(Stray Sheep Co. displaying their mascot, a plush toy lamb named Louie, at their vendor booth at the inaugural Windsor-Essex Fiber Shō at Shō Art, Spirit & Performance in Windsor, Ontario, on Saturday, September 7, 2019. Photo above by Robert Tuomi / Eyes On Windsor.)
In a sort of serendipitous way, a stuffed toy lamb was left on Anissa Noakes doorstep some fifteen years ago. He quickly became her beloved mascot and has traveled with her up and down the Great Wall of China and many other places. He is, in fact, a darn good icon for her business of hand-crafted knitted woolen items of apparel.
Noakes tells Eyes on Windsor about a little girl leaving the unnamed sheep at her table during her first craft show. At the time she didn’t have a name for her business nor one for the huggable character. Once Louie was given his moniker it seemed just about right to name her venture Stray Sheep Co.
Louie, she says, now travels with her in search of that little girl, but, so far no reunion. He could be, you might say a good luck symbol. Since that first presentation of her work, which includes scarves, booties and hats, her company has grown as often companies like hers do.
She has added two bricks and mortar retail stores. Urban Art Market is in Walkerville and has a twin in Kingsville. The Walkerville unit has been voted Windsor’s #1 handmade goods store.
Noakes was one of 40 fiber artists participating in the first Windsor-Essex Fiber Shō at Walkerville’s Shō Art, Spirit & Performance. The event adds to the outfit’s mounting fame generated largely from the productions in its intimate live theatres. Beside the theatres the facility also houses various artisans including those creating wearable and wallable fiber art.
Some of the event’s vendors have been making hand-crafted items for decades. Louise Warren Dougall falls into such a category practicing her art for some 35 years. Her products are lovingly-made baskets meticulously hand crafted from reeds sourced in China. Some are in their nature reed colour. Others feature hand-dyed reeds which add certain artistic flair.
She also wraps her reeds around Lake Erie small rocks she finds near her rented summer home on Pelee Island. This gives personality to a product she dubs spirit rocks.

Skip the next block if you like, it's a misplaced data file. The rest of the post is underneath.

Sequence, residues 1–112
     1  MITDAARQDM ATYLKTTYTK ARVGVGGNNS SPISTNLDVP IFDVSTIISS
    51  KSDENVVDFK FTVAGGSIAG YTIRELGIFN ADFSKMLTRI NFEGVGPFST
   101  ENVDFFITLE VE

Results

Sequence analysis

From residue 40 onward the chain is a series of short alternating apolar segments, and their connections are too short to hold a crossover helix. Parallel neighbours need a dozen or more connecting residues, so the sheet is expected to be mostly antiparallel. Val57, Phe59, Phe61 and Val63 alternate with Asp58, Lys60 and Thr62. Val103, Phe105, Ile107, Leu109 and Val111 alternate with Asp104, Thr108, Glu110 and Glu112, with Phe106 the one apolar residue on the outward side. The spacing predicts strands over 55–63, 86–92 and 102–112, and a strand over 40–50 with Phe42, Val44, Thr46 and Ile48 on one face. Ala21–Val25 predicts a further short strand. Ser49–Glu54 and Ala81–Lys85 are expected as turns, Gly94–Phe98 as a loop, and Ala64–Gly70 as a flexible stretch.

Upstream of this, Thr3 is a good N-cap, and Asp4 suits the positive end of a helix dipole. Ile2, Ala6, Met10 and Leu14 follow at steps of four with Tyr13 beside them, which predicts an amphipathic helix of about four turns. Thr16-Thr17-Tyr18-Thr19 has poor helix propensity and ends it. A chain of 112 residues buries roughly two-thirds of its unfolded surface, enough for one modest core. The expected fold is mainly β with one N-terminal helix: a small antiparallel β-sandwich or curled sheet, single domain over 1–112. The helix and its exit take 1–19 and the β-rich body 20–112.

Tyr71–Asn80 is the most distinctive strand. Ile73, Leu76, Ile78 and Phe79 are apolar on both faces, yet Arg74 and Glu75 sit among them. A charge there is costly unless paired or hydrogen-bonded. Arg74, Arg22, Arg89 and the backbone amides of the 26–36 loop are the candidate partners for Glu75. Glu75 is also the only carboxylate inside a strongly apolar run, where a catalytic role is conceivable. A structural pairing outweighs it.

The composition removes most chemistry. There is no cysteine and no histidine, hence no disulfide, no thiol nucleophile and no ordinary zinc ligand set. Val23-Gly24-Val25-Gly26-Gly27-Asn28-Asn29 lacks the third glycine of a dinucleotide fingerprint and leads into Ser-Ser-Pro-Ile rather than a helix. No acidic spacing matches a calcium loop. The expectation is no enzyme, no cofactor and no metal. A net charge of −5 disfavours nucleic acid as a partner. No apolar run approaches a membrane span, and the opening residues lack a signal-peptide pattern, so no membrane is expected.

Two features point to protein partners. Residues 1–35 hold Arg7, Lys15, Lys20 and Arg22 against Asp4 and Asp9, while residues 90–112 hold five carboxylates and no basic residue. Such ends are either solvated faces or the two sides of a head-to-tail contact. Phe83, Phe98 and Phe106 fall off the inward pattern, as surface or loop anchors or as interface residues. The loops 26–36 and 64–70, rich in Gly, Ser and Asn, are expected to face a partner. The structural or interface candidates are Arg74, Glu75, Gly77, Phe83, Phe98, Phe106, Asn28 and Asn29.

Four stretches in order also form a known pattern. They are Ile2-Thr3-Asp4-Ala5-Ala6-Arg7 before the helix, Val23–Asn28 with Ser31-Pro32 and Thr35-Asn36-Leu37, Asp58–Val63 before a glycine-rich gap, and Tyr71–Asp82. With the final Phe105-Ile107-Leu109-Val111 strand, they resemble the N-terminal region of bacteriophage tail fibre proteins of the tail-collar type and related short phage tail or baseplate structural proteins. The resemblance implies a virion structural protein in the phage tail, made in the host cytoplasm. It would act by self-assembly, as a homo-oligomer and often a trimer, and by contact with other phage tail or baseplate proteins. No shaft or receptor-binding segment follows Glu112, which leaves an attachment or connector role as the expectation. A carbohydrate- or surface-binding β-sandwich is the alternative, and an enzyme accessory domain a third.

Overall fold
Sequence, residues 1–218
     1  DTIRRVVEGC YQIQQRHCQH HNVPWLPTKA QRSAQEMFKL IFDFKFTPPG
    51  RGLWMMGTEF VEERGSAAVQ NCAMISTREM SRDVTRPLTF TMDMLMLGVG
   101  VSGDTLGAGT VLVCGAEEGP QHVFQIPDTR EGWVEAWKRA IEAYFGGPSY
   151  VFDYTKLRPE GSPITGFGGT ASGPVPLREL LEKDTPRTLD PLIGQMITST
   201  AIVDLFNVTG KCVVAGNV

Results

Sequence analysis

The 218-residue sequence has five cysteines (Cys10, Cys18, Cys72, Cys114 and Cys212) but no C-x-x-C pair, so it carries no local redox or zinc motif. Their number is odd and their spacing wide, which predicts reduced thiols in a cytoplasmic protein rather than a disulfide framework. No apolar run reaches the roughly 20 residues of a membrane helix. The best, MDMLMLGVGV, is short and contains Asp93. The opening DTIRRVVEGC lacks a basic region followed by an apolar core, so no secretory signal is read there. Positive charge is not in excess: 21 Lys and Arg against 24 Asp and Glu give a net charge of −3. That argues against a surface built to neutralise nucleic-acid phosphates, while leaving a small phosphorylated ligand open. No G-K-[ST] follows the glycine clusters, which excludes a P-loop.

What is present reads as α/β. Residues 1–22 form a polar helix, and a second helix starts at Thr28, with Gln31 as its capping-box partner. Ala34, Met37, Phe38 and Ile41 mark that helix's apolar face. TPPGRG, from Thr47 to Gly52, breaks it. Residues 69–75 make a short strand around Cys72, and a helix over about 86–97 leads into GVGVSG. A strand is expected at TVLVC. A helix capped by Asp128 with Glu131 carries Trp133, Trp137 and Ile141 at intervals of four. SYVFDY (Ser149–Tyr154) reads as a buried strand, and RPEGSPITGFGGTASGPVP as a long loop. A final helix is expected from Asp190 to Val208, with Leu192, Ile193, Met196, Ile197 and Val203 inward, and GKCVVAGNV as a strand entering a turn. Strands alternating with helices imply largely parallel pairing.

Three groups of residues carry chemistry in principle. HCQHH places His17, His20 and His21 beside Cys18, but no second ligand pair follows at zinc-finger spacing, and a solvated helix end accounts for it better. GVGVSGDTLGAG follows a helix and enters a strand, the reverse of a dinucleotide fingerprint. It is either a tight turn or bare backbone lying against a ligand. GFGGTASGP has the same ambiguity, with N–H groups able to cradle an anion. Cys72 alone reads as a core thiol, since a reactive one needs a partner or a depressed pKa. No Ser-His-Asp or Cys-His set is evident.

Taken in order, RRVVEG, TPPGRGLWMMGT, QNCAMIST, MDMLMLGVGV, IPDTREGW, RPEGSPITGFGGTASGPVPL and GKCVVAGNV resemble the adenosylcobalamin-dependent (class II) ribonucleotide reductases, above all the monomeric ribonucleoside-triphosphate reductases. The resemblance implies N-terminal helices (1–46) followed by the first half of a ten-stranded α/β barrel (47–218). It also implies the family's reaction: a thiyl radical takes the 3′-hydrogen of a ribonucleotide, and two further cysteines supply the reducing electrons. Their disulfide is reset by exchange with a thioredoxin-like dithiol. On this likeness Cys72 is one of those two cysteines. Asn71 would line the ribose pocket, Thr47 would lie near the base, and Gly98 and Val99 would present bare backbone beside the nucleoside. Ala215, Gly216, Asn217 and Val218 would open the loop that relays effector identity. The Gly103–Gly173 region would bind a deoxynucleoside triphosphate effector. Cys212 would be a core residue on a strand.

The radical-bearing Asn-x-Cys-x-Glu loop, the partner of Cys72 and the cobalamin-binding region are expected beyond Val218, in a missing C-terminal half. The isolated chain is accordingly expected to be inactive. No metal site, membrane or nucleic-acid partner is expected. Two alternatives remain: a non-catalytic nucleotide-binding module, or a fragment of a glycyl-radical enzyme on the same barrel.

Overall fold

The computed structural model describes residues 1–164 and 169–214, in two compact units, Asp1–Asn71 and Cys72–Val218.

Others showing their work are relative newcomers. Felted Art by Maria has been in the comfortable felt slipper, and related products business, for less than a year. Judging by the steady customers at her table, it would seem Windsorites are indeed looking for comfort in the right places at Fiber Shō.
Some of the providers are not from here. The Leo and Roxy Yarn Co., with its tongue in cheek branding, “from flock to ewe,” came down from St. Thomas. Its two owners, Kerri Masseo and Jolyn Gardner are what is known as indie dyers. Raw yarn direct from the mills is hand-dyed by the pair. Leo is actually a one-year old Rambouillet while Roxy, the outfit’s colour mascot, is a one-year old Green Cheek Conure.
And while most of the products on offer were for humans, Jen Drew had a whole table of assorted crochet offerings for pets. One of her most popular creations sort of looks like a toque without a top. It is used to keep dog’s head warm in the winter and, for those with long droopy ears, like Basset Hounds, provides a way to keep the ears from dragging in the snow.
Some of the vendors were at the event to showcase some new products necessitated by changes in the outside world. Jo Taylor’s Forbidden Colours was showing a solution pulled from the headlines, for metal straws. With plastic straws no longer being appreciated as environmentally friendly, folks are using their own metal straws. But where to put them? Taylor offers a perfect solution, a washable straw caddy.
There was also innovation on display at another front. Robert Caruso was giving visitors a sneak peek into a new development at Shō, a separate Makers’ area. Meta Makers Cooperative was founded in January to bring local electronics, wood and metalworking and computer aficionados together in a soon to be separate section. More on this will be coming shortly along with a grand opening.
The event was hosted by Fusion Fiber Arts, Shō Studios and The Hook Pusher to showcase fiber artists, fashion designers, supply and finished products companies representing many types of fiber art and needlework.
Sho Art Studios is the permanent home to a number of businesses such as Bike Windsor/Essex, Floyjoy Studios, Soiree Event Extraordinaire, The Hook Pusher and Fusion Fiber Arts.
For more information about Shō Art, Spirit & Performance visit https://shoartstudios.com
Article by Robert Tuomi
For over a decade, Robert has covered local news and community events. Initially as a contributor to CBC Radio’s local morning show and then as the long-time producer and host of CJAM’s The Rest of the News and as a journalist at the Windsor Square. A graduate of the Nikon School of Photography he enjoys illustrating his reports with what he sees through his camera’s lens.